The sisters also note the hymn Rorate Coeli, often sung as Drop Down Dew, dates at least to the fifth century and that On Jordan’s Bank and Hark! A Thrilling Voice is Sounding are both based on Vox Clara Ecce Intonat, the Advent Lauds hymn that goes back at least as far as the sixth century.
Those Oldies but Goodies
Still, the most recognized song sung during the season is O Come, O Come, Emmanuel, which has an interesting history. According to the late Mary Berry, “The English words are based on a free Latin paraphrase of the great O Antiphons, which are sung with the Magnificat at vespers on the days leading up to Christmas Eve. These antiphons themselves came into existence at least as early as the eighth century.” For a long time, the hymn was thought to be at least 400 years old. However, it did not make any appearance in a hymnal until 1854. Its provenance was based on the claim of Thomas Helmore, an Anglican musician, who asserted he found the melody in an old French missal. No proof of this was found, though. It was thought he “coyly [hid] his identity [as author] behind the pretense that it was an ancient tune gleaned from a Continental source.”
However, in 1966, while conducting research in the Paris Bibliothèque Nationale, Berry found a 15th-century Franciscan processional hymnal. It contained “a number of troped verses for the funeral responsory Libera me in the form of a litany. … The melody of these tropes was none other than the tune of O Come, O Come Emmanuel.”
Berry concluded, “Perhaps it is a measure of Helmore’s genius that he detected in this melody an appropriate Advent sound as well, one which conveys an unmistakable sense of solemn expectancy, not only for the Nativity of Christ, but also for his Second Coming as judge and as savior. Helmore was shrewd enough, also, to have been aware that an indubitable link exists between the theology of Advent and a procession marking the passage from death to eternal life.”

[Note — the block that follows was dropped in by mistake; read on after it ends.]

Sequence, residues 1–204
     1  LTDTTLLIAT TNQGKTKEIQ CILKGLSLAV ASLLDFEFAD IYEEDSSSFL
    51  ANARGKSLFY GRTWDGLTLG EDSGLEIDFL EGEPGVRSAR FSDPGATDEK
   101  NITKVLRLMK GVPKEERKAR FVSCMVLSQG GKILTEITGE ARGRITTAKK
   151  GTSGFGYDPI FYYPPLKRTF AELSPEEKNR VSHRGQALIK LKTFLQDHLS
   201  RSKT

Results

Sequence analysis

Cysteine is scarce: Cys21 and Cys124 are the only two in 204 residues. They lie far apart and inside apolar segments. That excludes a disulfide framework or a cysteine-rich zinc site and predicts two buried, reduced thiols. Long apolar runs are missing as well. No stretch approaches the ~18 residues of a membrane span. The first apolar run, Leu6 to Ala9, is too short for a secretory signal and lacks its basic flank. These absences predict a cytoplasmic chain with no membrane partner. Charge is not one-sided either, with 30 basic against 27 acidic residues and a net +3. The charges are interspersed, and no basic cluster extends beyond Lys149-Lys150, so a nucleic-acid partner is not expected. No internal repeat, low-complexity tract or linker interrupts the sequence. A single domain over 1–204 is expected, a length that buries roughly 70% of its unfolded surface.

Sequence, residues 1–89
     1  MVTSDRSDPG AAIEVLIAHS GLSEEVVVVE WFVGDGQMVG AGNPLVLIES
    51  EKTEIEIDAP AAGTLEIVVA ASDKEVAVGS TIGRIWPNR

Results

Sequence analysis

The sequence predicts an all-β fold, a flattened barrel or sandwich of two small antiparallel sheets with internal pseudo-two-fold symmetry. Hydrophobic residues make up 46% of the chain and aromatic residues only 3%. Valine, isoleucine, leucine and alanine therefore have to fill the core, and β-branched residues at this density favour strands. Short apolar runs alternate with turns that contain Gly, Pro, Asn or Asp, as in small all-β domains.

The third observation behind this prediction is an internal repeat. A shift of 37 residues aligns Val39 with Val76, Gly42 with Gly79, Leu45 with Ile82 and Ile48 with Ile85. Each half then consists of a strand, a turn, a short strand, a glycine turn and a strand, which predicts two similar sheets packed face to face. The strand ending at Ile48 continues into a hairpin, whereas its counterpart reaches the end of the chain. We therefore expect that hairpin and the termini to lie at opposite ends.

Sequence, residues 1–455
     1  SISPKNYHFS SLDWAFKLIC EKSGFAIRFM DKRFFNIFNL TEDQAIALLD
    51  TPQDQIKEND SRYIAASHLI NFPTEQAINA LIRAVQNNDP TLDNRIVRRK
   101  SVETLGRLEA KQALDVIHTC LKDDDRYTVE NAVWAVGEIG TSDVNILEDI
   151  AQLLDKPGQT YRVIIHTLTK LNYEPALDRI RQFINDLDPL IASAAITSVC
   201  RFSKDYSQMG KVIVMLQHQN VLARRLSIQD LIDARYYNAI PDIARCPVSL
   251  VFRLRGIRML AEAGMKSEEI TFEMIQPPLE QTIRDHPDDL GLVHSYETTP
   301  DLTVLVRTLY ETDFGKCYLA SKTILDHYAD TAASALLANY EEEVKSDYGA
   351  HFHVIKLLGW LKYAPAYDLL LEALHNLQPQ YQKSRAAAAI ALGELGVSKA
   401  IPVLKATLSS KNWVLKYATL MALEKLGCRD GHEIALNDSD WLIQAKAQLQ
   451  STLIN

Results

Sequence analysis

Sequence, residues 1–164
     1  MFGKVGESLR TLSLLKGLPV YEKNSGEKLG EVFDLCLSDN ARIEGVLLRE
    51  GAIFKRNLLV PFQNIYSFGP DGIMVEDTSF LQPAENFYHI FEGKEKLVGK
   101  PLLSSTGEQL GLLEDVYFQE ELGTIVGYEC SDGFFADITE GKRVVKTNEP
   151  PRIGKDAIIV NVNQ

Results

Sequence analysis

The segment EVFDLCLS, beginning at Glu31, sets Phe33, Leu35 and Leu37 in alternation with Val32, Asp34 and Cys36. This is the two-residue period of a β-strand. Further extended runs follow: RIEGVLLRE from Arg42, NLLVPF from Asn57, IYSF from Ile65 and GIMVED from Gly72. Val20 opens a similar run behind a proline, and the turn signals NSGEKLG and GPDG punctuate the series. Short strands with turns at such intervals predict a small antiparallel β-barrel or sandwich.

Once upon a time parishes celebrated the pre-dawn Rorate Mass (so named for the first words of the entrance antiphon), which was lit only by candles and ended with the rising of the sun. It is still a custom in Eastern Europe.
Additionally, every day from Dec. 17 to 24 saw the singing at vespers of the O Antiphons. Describing the coming of Christ, these are still recited and sung today.
Keeping Christmas in Christmas
The Ephesus sisters note that prior to relatively recent times, “Advent used to be given far more importance than is attached to it today.”
And one never would have heard Christmas music prior to Dec. 25. “Christmas music was not permitted to be sung nor heard until, well, Christmas,” say the sisters. “While Advent shrunk in size from eight to six to the four weeks we know now, Christmas retained its nearly-six-week status and a first-class octave. So the celebratory nature, as well as the longevity of the season, accounted for more hymns being composed in its honor.”
There was also the fact that in America, as a historically Protestant country, Advent was not acknowledged as a season. Thus the buildup to the Nativity was for many Americans — Catholics and non-Catholics alike — “Christmas.”
Thankfully, the Church has a storehouse full of moving sacred music for the Advent season. As hymn writer Kathleen Pluth has written, “The Advent proper texts of the Mass sing of the expectation of the Lord’s coming and his help, the request for God’s presence, even more than the hymns do. Many people ask to sing Christmas songs during Advent at Mass. This is not recommended, because Advent has a special contemplative character of patient waiting. The Church should be a contemplative people, watching and waiting for the Lord’s return, and Advent allows us a period of time every year to practice this contemplative posture.”
Register correspondent Brian O’Neel writes from Quarryville, Pennsylvania.
For an extensive list of Advent songs, click here.